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Greater Lophorina

Lophorina superba

The greater lophorina, or superb bird-of-paradise, is a small passerine bird measuring approximately 26 cm in length. Males are resplendent with an iridescent green crown and a blue-green breast shield, complemented by a velvety black cape that drapes elegantly over their back. Females and juveniles present a more subdued appearance, with the former sporting a reddish-brown plumage and the latter resembling the female.

Identification Tips

To identify the male greater lophorina, look for the striking contrast between the dark plumage and the vivid green and blue-green highlights. The female is less conspicuous, with her brown and buff-barred underparts. The species exhibits sexual dimorphism, with males and females differing markedly in appearance.


This bird-of-paradise favors the rainforests and forest edges within the lush landscapes of Indonesia and Papua New Guinea. It is also known to inhabit the mountainous regions of New Guinea's forests.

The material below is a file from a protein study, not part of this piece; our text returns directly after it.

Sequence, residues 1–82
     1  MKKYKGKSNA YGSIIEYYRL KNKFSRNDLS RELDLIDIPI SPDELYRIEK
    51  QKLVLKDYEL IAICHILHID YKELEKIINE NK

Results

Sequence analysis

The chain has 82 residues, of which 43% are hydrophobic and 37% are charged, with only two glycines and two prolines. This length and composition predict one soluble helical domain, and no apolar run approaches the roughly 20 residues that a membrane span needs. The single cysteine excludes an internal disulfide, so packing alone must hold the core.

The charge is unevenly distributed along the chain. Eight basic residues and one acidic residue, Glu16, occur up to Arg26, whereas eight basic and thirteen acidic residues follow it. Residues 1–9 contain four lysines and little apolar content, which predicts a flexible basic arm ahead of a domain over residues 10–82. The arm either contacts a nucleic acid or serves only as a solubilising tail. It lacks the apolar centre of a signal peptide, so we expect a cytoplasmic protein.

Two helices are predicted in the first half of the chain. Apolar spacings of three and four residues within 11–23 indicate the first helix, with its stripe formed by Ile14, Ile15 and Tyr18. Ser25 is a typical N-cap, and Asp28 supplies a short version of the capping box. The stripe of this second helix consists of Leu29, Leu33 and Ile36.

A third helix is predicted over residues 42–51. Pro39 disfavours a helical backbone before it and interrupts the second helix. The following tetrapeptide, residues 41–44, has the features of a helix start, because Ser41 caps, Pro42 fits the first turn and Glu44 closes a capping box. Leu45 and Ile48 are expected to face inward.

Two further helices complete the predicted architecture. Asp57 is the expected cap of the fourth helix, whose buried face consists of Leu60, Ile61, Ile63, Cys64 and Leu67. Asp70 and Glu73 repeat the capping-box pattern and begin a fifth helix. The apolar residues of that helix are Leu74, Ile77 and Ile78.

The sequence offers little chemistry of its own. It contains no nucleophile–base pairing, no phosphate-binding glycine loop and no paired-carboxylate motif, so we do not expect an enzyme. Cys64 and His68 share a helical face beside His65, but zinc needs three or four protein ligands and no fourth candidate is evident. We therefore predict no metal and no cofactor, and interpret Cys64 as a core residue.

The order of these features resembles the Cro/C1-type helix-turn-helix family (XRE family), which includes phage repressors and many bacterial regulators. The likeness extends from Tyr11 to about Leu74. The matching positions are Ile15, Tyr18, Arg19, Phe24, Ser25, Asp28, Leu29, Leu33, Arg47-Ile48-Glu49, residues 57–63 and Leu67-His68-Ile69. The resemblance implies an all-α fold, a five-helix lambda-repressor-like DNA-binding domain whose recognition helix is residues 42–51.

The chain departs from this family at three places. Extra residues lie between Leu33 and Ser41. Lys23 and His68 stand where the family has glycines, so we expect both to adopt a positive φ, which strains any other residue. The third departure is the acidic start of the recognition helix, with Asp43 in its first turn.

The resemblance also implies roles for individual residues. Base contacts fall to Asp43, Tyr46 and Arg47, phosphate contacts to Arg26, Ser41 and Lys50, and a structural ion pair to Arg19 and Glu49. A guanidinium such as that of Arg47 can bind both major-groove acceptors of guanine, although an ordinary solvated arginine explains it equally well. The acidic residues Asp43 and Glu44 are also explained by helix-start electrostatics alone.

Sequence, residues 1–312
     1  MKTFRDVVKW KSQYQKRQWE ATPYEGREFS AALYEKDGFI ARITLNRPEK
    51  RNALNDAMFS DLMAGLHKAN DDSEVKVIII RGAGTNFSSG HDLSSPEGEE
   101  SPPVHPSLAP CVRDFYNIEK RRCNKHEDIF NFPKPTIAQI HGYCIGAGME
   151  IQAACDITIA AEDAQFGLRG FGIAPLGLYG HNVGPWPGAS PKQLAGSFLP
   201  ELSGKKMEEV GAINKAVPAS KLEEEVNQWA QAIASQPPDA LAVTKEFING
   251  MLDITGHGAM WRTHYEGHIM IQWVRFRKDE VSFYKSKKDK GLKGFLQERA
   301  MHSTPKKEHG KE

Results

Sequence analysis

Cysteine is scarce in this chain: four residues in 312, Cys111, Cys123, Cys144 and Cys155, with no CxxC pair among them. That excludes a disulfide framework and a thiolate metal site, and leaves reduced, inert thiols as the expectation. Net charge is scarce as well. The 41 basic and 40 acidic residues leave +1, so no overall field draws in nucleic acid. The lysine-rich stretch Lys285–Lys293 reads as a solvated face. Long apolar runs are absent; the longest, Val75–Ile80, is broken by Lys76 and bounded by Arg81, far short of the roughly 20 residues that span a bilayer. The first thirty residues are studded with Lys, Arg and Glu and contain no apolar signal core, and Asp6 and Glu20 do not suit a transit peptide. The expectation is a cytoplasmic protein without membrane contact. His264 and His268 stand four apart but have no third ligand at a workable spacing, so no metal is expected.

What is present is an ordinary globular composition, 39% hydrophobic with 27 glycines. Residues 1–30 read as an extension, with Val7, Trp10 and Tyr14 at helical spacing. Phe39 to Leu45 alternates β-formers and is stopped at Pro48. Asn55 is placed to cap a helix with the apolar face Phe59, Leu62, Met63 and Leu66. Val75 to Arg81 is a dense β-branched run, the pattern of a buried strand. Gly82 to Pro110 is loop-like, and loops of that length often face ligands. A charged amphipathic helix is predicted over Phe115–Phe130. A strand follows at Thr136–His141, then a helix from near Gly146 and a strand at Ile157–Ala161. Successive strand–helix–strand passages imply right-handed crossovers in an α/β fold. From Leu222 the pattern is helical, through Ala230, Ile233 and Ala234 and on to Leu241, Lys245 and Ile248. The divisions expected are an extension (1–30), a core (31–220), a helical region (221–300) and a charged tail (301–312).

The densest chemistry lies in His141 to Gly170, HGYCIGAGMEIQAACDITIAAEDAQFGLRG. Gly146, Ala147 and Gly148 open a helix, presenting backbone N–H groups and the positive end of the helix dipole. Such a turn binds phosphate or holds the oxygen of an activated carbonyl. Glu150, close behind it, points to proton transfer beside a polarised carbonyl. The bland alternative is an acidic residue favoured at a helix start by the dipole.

The greater lophorina is a denizen of New Guinea's rainforests, where it can often be found perched high in the forest canopy.


Males are territorial and defend areas as small as 1.2 hectares. They are polygynous, mating with multiple females. Females, on the other hand, are discerning, often rejecting numerous suitors before selecting a mate.

Song & Calls

The male's courtship involves a loud call to attract the female, which is part of his elaborate display to win her favor.


Nests are constructed high in the trees from soft materials found in the forest. Clutches typically consist of 1-3 eggs, which hatch after 16-22 days. Chicks gain independence quickly, leaving the nest within 16-30 days.

Similar Species

While the greater lophorina is unique in its display, it may be confused with other bird-of-paradise species. However, its courtship behavior and the male's distinctive cape and breast shield set it apart.

Diet and Feeding

The greater lophorina's diet includes fruits, insects, and occasionally larger prey such as frogs, reptiles, and smaller birds. They forage in the trees and sometimes on the forest floor.

Conservation status

Despite being hunted for its plumes, the greater lophorina is classified as Least Concern by the IUCN, thanks to its commonality and widespread presence in New Guinea's forests. It is also listed on Appendix II of CITES.


The greater lophorina has several subspecies, including Lophorina superba connectens, Lophorina superba feminina, Lophorina superba latipennis, and Lophorina superba superba. The taxonomic status of these subspecies, as well as the crescent-caped lophorina (L. s. niedda) and the lesser lophorina (L. s. minor), has been subject to recent debate and reclassification.

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